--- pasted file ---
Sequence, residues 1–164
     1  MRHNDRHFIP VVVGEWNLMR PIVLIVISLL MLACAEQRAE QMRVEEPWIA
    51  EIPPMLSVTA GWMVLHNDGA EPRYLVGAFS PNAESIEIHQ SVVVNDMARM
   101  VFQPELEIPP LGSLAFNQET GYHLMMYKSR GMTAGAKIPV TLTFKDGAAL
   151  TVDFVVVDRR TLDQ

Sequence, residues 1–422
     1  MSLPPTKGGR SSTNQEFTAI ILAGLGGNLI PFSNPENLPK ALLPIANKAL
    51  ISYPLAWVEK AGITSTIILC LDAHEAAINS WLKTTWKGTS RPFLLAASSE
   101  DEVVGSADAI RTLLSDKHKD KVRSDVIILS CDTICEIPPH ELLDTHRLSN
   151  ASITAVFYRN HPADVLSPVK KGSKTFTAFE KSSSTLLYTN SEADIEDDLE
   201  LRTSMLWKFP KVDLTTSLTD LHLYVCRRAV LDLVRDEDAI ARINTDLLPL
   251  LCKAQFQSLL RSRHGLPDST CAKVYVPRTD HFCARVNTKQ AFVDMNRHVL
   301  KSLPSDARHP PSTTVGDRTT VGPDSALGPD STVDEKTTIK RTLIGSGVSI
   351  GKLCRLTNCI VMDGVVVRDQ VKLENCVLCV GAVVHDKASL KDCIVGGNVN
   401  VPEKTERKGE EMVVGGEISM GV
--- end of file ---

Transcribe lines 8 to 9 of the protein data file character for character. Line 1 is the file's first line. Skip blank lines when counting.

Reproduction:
    51  ISYPLAWVEK AGITSTIILC LDAHEAAINS WLKTTWKGTS RPFLLAASSE
   101  DEVVGSADAI RTLLSDKHKD KVRSDVIILS CDTICEIPPH ELLDTHRLSN